A highlight of the plan is the Convergence and Innovation Center, which will house the College of Computing and the College of Business. “By sharing computing and business in the same building, the Center for Convergence and Innovation will be a cornerstone of Michigan Tech’s efforts to meet workforce demands and pioneer the innovations of the Fourth Industrial Revolution,” said Dennis Livesay, Dean of Michigan College of Technology. College of Computing. As global markets and economies continue to respond to digitalisation, there will be a growing need for digitally savvy and agile workers able to design and implement solutions to emerging problems. The Center for Convergence and Innovation helps position Michigan Tech as a national leader in training computing and business professionals who seamlessly integrate both areas.”
To meet the additional housing needs of a growing university, the campus plan calls for a new residence hall. “Our plan calls for intelligent and thoughtful growth in enrollment that responds to both the growing number of students willing to enroll and the enthusiasm from employers who hire our graduates,” said John Lyman, Vice President of University Relations and Enrollment. “This plan includes considerations for expanding on-campus housing in the same smart and thoughtful way.”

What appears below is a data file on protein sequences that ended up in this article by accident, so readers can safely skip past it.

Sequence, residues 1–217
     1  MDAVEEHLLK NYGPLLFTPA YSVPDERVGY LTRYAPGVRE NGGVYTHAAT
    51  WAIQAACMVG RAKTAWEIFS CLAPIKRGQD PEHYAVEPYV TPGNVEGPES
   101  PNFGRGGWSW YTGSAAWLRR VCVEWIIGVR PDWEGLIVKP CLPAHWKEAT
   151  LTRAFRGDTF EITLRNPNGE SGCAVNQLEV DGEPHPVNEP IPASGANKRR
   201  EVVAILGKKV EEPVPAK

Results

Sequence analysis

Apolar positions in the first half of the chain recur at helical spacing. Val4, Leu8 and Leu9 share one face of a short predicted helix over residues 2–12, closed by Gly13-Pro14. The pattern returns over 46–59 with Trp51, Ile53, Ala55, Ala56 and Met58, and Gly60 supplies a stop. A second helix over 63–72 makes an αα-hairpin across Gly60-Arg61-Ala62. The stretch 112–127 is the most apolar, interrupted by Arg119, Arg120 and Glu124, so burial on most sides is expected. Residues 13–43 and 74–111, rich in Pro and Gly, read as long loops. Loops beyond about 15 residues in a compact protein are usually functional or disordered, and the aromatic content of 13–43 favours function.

The campus master plan is one of four major initiatives Michigan Tech will launch this year, including a nationwide student recruitment drive, a faculty and staff recruitment initiative, and initiating a capital campaign. The plan will be presented at various forums across campus this fall.
Michigan Technological University is a public research university founded in 1885 in Houghton, Michigan, and is home to more than 7,000 students from 55 countries around the world. Ranked among the nation’s top universities in terms of return on investment, Michigan’s leading Technological University offers more than 120 undergraduate and graduate programs in science, technology, engineering, computing, forestry, business, economics, health professions, humanities, mathematics, social sciences, and the arts. The rural campus is located just miles from Lake Superior on Michigan’s Upper Peninsula, offering year-round opportunities for outdoor adventure.